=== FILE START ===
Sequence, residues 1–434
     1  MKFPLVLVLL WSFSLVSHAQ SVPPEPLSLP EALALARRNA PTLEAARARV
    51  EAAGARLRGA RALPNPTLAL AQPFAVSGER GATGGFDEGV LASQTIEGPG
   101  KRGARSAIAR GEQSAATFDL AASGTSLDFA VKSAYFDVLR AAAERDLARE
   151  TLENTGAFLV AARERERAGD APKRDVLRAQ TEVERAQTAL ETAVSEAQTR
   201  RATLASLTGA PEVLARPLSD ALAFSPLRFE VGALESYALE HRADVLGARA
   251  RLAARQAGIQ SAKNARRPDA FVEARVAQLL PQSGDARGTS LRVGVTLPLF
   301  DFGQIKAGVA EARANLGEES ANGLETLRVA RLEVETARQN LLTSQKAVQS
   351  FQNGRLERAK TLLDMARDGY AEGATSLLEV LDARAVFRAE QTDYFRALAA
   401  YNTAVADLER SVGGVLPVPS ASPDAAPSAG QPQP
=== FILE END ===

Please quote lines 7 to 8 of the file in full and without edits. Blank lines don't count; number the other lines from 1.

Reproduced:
   251  RLAARQAGIQ SAKNARRPDA FVEARVAQLL PQSGDARGTS LRVGVTLPLF
   301  DFGQIKAGVA EARANLGEES ANGLETLRVA RLEVETARQN LLTSQKAVQS